Apr 1, 2014, 9:51 AM
The event was designed to trigger discussions on the progress, challenges and the way forward in the implementation of the National Agricultural Land and Water Management Development Project (Nema), the Participatory Integrated Watershed Management Project (PIWAMP), and the SLMP to support Government’s priority to transform the largely rain-fed production systems into more productive and sustainable market-oriented agriculture over the year.
Giving an overview of the tripartite forum, the coordinator of the projects, Momodou Lamin Gassama, said the participants to the meeting will report on the areas much success was registered and then plan how the less concentrated areas will be captured as soon as possible.
According to him, the areas of intervention are wide and different, which will replicate the types of response from stakeholders of the various farming regions of the country.
The Deputy Governor of the Lower River region, Abu Njie, reminded the participants that they were required to allow their inputs in the assessment and evaluation of the performance of the various agricultural projects at their disposal.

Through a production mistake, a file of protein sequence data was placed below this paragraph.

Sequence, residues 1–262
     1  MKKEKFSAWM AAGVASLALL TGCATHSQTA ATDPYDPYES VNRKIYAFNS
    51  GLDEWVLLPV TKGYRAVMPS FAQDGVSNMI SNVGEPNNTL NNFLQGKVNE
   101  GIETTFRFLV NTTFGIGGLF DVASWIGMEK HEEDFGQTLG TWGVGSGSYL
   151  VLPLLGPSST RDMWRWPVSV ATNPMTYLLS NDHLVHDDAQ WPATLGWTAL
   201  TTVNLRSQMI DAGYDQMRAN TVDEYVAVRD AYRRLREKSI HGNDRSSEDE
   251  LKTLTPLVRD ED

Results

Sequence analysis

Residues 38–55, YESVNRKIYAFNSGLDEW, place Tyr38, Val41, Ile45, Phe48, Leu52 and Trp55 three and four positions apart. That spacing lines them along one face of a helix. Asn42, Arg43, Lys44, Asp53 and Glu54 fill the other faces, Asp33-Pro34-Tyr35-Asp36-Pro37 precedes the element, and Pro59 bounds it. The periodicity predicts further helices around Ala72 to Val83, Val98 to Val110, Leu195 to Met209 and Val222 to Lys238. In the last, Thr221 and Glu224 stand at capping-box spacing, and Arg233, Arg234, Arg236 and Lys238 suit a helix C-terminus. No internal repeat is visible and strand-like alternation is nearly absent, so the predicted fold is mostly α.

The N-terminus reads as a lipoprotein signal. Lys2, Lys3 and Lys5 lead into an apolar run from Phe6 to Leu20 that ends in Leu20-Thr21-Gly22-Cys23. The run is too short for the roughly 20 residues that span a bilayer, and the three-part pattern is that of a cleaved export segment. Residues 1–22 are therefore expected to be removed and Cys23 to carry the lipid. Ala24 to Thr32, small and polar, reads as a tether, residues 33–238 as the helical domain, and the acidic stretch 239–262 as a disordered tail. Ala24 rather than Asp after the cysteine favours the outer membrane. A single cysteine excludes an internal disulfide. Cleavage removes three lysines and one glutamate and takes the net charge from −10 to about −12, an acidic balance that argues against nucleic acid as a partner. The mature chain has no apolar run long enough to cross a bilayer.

He urged them to incorporate all the crosscutting issues into paper and go further to disseminate it to the communities they represent at the gathering.
The deputy permanent secretary, Ministry of Agriculture, Asheme Cole, described the meeting as a face-to-face exercise between project partners and the beneficiaries who are mainly farmers.
He noted that it was the right approach at the right time to table the ingredients of the forum for it to serve as a tool for farmers well ahead of the next season.
He expressed hope that his ministry would obtain a combined report of the situation of each of the three projects based on realities on the ground and recommendations for intervention.
During the sessions, Jerro Manneh, monitoring and evaluation officer for PIWAMP, said the local communities are incorporated into the high-level discussion because they form the poor smallholders that are dependent on traditional upland crops and lowland rice cultivation as their main source of livelihood, who are the prime beneficiaries of the SLMP project.
He explained that the primary target group in the lowlands will be women, whereas for the uplands the focus will be on conservation farming and men, women and the youth.
Similarly Ensa Colley, Planning, Monitoring and Evaluation Officer for the Nema project, recalled that the seven-year project was designed to build on the achievements and experience of earlier IFAD-supported projects in the same sector.
These projects include the ongoing PIWAMP co-funded by AfDB and GEF, the Rural Finance Project (RFP) and the LHDP.